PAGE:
Millennium Nucleus
Molecular Engineering for Catalysis and Biosensors

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Coinage Metal Superatomic Cores: Insights into Their Intrinsic Stability and Optical Properties from Relativistic DFT Calculations
Franck Gam, Dayan Paez-Hernandez, Ramiro Arratia-Perez, C. W. Liu, Samia Kahlal, Jean-Yves Saillard, Alvaro Muņoz-Castro
Chem. Eur. J. 2017,
DOI:   10.1002/chem.201701673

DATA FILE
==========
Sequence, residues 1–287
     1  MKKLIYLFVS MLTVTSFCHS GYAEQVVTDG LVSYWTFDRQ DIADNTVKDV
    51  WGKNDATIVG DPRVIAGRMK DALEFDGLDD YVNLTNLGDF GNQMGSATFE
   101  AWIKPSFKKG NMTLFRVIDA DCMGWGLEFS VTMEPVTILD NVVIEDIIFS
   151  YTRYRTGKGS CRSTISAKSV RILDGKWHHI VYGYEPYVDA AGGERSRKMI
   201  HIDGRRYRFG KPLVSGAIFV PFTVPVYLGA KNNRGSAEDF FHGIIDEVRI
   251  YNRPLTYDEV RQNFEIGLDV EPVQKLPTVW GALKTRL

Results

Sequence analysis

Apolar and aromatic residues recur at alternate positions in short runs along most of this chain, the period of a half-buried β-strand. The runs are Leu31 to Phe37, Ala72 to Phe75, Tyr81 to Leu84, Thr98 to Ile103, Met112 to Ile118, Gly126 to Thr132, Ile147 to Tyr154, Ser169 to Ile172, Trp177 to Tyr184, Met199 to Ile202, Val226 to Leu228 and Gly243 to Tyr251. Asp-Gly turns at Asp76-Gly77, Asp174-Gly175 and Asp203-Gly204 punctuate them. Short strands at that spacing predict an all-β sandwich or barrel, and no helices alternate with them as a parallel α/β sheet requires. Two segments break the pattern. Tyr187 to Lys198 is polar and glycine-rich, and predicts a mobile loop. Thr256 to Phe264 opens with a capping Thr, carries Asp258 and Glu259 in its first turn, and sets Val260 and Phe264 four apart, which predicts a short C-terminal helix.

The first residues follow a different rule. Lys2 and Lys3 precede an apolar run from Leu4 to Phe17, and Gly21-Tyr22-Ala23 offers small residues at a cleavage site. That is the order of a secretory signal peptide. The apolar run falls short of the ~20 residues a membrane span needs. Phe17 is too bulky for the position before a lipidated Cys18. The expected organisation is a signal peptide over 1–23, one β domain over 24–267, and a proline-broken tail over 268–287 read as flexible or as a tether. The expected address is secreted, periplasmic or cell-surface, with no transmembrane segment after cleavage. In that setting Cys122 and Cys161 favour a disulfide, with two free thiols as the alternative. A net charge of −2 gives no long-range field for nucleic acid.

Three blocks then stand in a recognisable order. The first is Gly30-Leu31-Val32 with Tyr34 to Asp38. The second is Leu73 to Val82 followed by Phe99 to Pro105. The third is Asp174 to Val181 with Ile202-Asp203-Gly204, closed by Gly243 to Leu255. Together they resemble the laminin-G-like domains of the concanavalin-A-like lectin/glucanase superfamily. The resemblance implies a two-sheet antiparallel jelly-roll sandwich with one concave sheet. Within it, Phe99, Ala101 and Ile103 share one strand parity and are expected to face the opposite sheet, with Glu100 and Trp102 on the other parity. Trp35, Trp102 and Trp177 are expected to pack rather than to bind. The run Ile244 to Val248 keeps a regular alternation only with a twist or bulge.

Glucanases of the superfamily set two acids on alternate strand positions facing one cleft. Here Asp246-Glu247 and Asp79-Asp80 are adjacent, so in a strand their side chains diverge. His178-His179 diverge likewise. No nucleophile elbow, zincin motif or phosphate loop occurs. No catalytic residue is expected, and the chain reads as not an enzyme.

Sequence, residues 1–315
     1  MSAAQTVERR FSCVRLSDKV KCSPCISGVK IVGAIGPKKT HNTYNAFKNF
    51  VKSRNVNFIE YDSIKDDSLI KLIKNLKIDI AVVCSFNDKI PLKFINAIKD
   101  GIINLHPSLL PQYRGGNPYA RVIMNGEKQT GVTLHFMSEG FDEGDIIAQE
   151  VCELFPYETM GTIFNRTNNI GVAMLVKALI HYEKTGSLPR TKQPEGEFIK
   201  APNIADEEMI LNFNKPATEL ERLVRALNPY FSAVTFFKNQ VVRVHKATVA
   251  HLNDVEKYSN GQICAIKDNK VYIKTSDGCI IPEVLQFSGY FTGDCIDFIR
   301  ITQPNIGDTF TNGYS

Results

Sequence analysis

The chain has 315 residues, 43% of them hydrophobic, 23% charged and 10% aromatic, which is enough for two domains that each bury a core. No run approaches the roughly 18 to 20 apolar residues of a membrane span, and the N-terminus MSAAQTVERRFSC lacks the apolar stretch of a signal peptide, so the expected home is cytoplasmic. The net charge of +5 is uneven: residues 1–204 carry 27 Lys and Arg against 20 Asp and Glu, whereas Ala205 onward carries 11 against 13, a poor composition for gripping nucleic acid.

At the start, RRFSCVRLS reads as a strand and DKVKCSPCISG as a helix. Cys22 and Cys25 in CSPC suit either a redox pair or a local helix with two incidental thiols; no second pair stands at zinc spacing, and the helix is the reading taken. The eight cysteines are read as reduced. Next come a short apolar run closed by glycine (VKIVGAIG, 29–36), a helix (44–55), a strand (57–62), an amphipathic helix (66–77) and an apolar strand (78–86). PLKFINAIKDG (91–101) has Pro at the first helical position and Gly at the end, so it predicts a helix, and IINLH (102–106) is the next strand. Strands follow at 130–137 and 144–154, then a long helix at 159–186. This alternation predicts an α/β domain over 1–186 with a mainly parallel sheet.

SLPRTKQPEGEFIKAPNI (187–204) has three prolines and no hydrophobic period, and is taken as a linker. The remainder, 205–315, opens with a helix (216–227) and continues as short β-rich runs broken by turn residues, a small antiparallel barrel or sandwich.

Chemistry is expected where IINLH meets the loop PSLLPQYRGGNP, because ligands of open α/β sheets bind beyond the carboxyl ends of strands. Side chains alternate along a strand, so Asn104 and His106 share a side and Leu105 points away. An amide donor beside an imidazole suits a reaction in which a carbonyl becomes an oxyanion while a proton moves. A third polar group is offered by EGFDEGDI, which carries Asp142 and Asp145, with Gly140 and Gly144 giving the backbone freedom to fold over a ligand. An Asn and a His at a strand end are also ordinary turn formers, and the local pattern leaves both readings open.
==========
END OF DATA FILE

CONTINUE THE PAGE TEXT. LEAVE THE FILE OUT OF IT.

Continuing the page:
Coinage-metal atomically precise nanoclusters are made of a well-defined metallic core embedded in a ligand- protecting outer shell. Whereas gold derivatives are particu- larly well documented, examples of silver nanoclusters are somewhat limited and copper species remain particularly scare. Our DFT relativistic calculations on superatomic metal- lic cores indicate that copper species are almost as stable as gold clusters and more stable than their silver counterparts. Thus, for silver superatomic cores, the role of the stabilizing ligands is more crucial in the stabilization of the overall structure, in comparison to copper and gold. Hence, the chemistry of the earlier counterparts of gold, especially copper, should grow quickly with at least characterizations of species related to that found in the heavier elements in the triad, which requires tackling synthetic challenges. Time- dependent (TD)-DFT calculations show that with an increase of the cluster core nuclearity, the absorption bands are red- shifted, allowing us to differentiate between the clusters types. Moreover, the optical properties of the silver cores are fairly different from that of their Cu and Au relatives.